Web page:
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Thread: Proper Fly Rod balance

  1. #21

    Default Re: Proper Fly Rod balance

    I simply don't study or much worry about where the balance is. Using the reel I plan on using on the rod, if the rig does not feel right it simply does not go home with me. Be it butt heavy, tip heavy or whatever if it does not feel like I've come to expect and demand out of a rod I'll pass. I'll leave the calculations and deep thoughts as to why a rod does not feel right to those who build rods or who want to force a rod to feel right. I'll just move on to another rod until I find the one that makes me grin.

  2. #22

    Default Re: Proper Fly Rod balance

    Jackster, I appreciate your comments. It would be interesting to know if the rods you have the most comfort with are indeed balanced. Or if they are what you are used to???
    When you walk into to a shop, do you look for a set up with rod, reel, backing and line already to go? I think it would be difficult for me to get a sence of how it would perform without actually casting a line.
    I currently have a 6Wt outfit that I bought many years ago for trout and Steelhead in Oregon. The shop I bought it from set it up for me and I figured that since they're the experts, I should rely on their knowledge.
    Now that I live in Arizona I have been thinking about buying a 4Wt set up for Bluegill, Crappie and the smaller Bass that are stocked here in the warmer waters. I tend to piece meal things together and I read that good rod and reel outfit should be properly balanced, hence my question.
    There never seems to be enough time to do the things you want to do once you find them.
    -Jim Croce-

  3. #23
    Join Date
    Jun 2007
    Missouri City (near Houston), Texas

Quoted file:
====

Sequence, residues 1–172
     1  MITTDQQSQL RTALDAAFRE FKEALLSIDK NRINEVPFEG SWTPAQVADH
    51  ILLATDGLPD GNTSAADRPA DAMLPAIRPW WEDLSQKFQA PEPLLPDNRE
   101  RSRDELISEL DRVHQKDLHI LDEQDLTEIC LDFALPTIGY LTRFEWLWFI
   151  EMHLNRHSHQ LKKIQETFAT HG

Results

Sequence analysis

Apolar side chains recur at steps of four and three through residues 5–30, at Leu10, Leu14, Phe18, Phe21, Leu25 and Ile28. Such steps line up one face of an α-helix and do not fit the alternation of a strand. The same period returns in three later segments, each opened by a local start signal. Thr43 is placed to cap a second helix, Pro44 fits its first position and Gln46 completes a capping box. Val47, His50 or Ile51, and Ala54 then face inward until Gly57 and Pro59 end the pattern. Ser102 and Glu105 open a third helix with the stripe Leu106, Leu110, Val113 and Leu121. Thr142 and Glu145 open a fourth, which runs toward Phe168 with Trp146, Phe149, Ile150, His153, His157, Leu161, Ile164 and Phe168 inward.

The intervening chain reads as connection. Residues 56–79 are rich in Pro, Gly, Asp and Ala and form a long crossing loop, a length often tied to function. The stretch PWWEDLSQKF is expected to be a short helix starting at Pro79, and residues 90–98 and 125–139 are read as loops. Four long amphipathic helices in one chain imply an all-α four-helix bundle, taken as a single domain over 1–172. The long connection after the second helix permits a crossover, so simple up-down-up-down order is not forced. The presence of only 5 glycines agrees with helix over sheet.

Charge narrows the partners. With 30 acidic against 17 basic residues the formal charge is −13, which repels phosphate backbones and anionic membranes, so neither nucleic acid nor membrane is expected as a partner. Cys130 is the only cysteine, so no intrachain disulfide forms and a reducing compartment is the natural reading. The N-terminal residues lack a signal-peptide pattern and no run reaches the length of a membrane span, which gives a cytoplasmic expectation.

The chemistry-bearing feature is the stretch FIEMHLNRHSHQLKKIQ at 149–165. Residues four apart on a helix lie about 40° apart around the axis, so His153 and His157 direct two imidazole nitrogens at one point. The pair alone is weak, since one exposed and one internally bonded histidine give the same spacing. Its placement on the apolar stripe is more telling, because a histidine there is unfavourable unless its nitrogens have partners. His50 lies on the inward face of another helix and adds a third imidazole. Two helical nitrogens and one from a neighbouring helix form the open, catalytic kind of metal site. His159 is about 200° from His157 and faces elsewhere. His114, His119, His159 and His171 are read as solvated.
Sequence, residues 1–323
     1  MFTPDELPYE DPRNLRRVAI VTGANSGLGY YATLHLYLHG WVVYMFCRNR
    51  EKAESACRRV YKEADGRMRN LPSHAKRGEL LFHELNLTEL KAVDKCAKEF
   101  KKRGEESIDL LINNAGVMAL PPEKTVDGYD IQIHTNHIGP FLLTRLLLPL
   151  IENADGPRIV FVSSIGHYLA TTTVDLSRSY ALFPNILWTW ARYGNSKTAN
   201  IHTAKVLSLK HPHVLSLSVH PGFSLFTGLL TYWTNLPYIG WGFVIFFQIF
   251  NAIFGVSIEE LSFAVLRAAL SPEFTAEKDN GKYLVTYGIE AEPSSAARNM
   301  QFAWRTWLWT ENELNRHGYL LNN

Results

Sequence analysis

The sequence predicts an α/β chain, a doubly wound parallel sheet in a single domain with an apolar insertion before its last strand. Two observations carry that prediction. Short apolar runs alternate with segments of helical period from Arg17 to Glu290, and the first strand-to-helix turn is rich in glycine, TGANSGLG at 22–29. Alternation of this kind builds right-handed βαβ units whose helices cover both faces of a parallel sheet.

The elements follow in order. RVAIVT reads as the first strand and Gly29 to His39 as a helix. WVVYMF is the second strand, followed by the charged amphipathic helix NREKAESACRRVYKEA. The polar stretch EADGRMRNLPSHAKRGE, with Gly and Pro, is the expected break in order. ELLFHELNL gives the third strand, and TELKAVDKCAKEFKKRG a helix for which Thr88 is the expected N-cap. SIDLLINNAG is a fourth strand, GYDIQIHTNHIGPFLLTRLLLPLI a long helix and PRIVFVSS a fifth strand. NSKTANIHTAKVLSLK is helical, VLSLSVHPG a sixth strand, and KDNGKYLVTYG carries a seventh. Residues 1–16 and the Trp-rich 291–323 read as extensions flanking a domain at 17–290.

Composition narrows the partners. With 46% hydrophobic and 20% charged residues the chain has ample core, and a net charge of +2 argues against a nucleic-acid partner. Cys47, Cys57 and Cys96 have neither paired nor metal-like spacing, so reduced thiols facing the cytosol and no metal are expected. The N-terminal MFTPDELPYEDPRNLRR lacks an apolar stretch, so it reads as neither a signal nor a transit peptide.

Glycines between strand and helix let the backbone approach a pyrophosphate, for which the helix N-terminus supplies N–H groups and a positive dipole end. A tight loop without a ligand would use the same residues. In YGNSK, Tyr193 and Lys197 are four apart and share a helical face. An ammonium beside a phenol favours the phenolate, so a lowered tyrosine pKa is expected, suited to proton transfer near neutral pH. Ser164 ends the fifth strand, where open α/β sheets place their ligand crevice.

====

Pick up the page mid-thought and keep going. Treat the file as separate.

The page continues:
Default Re: Proper Fly Rod balance

    Quote Originally Posted by dave5977 View Post
    Jackster, I appreciate your comments. It would be interesting to know if the rods you have the most comfort with are indeed balanced. Or if they are what you are used to??? . . .
    I'm thinking that we're really over-analyzing this issue. If you're used to whatever the rod balance happens to be, does it really matter if it's optimum by someone else's reckoning?
    On the whole, I'd rather be in Wyoming . . .

  4. #24

    Default Re: Proper Fly Rod balance

    I agree with Joni. While I don't think it's "rocket science", a balanced rod/reel will make less work out of casting and make you less tired after the days fishing. I prefer to have my reels balance slightly behind where my index finger fits under the grip when I'm casting. In other words, I like the tip to feel lighter. I have found that some of the new reels are too light for some of my older and heavier rods so I have added some leaded line under the backing. I think Joni has also done that. I also don't think you can rely on the store clerks, even in a fly shop, to sell you a balanced outfit. Just another 2 cents worth!!


  5. #25

    Default Re: Proper Fly Rod balance

    I agree with idaho fisherman, Joni and mojo. They have explained the issue of balance and casting in a way that make sense to me. It is really the simple physics of lever and fulcrum. A third class lever to be more specific.
    What is a Lever by Professor Beaker's Learning Labs